The dispatcher asked whether he had weapons on him, and he said had some rock tools he bought on a recent trip to Utah. That included two knives, a hammer and a rubber mallet. Glass told the dispatcher he would throw them out of the car as soon as deputies arrived.

When Buen arrived, he asked Glass to get out of the car, and Glass declined, saying he was scared and the only way he could feel safe was by staying inside with the doors locked and the windows rolled up. 

Glass offered to throw the weapons out of the window, and Buen told him not to touch them and that he wanted him to get out of the car.

Buen threatened to pull him out of the car and also to break the glass in the windows of the car. 

Intermittently, Glass picked up the knife in the passenger seat and would set it back down when officers were issuing demands. Snelling said the officers offered beef jerky and cigarettes and soda to try and coax Glass out of the car without force. None of it worked. 

Officials said deputies asked Glass 165 times to do various things, from getting out of the car to dropping his knife, to no avail.

Eventually, officers broke one of the windows of his car with a baton and then used non-lethal force on Glass, including a bean bag gun and a taser, which broke another car window. Afterward, Glass was screaming and thrashing back and forth in the car with a knife in his hands. Officers, again, ordered him to drop it.

Body camera footage shows Glass, who had been tased from two different directions by two different officers, reaching through the broken window toward Georgetown Police Marshal Randy Williams. It is unclear whether his hand had a knife in it, though.

Sheriff’s officials said Buen perceived that as a direct threat and decided to use deadly force.

What has happened since the confrontation, and since the body camera footage was released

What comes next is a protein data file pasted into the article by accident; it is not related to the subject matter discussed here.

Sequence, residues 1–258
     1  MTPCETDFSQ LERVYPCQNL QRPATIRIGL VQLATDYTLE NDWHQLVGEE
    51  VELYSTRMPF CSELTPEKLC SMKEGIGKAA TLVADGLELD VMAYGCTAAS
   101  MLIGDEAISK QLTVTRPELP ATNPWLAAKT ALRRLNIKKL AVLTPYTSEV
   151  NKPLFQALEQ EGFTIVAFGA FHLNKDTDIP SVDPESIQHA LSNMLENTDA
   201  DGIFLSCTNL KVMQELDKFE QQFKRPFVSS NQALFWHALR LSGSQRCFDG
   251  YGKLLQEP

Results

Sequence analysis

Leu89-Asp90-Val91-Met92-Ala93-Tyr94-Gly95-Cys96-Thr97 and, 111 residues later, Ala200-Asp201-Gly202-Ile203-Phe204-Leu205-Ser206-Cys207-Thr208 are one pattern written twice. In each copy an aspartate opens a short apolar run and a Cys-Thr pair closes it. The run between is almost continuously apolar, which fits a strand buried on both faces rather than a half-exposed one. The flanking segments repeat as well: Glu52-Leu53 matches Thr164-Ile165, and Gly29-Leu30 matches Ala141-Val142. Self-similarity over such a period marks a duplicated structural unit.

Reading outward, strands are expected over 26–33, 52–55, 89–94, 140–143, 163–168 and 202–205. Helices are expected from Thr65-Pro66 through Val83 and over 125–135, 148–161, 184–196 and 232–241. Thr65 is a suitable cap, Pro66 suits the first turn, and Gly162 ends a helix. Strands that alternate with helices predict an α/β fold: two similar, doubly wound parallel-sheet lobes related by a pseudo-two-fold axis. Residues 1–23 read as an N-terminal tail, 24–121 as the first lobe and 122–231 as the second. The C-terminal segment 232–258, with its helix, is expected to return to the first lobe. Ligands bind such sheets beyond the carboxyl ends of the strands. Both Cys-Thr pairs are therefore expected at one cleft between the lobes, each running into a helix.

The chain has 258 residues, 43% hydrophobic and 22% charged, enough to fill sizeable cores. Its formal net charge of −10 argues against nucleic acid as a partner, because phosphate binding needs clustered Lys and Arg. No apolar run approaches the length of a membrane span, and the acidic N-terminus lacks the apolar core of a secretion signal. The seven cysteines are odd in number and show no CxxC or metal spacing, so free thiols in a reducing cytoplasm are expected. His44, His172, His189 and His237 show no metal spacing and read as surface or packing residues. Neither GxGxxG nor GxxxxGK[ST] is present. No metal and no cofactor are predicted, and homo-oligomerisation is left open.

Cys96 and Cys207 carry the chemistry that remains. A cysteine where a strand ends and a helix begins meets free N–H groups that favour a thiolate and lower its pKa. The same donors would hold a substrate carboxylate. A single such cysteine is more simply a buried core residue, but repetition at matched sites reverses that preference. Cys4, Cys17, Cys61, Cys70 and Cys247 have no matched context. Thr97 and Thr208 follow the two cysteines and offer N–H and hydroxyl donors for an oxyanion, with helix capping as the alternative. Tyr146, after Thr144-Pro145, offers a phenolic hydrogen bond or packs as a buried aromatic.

Since the widespread attention and the release of the body camera footage, the sheriff’s department and Clear Creek County dispatchers have been receiving death threats against themselves and their families for the past three days, Snelling said, noting the agency has a security process in place.

Deputy Buen returned to duty on July 13, 2022, and is currently on patrol.

On the night of the incident, Colorado Bureau of Investigation officers arrived on the scene within an hour, said spokeswoman Susan Medina. CBI investigates deadly force incidents for Clear Creek County.

Body camera footage shows Clear Creek Sheriff’s Sgt. Kyle Gould arrived on the scene shortly after Glass was killed and muted his body camera for “personal” conversations with the officers who were there. Body cameras will be required for all of the state’s law enforcement officers next year.

Snelling said it is standard administrative procedure for a supervisor to arrive on a scene and talk to officers about how they are doing and whether anyone is injured or needs help. He called that allowable under the state’s law. The Peace Officers Standard and Training board doesn’t have any guidance on when body cameras should be on or off or muted. 

State law states that a peace officer may turn off a body camera in “administrative, tactical and management” discussions when civilians are not present. 

In this case, at that moment, the only civilian there was deceased.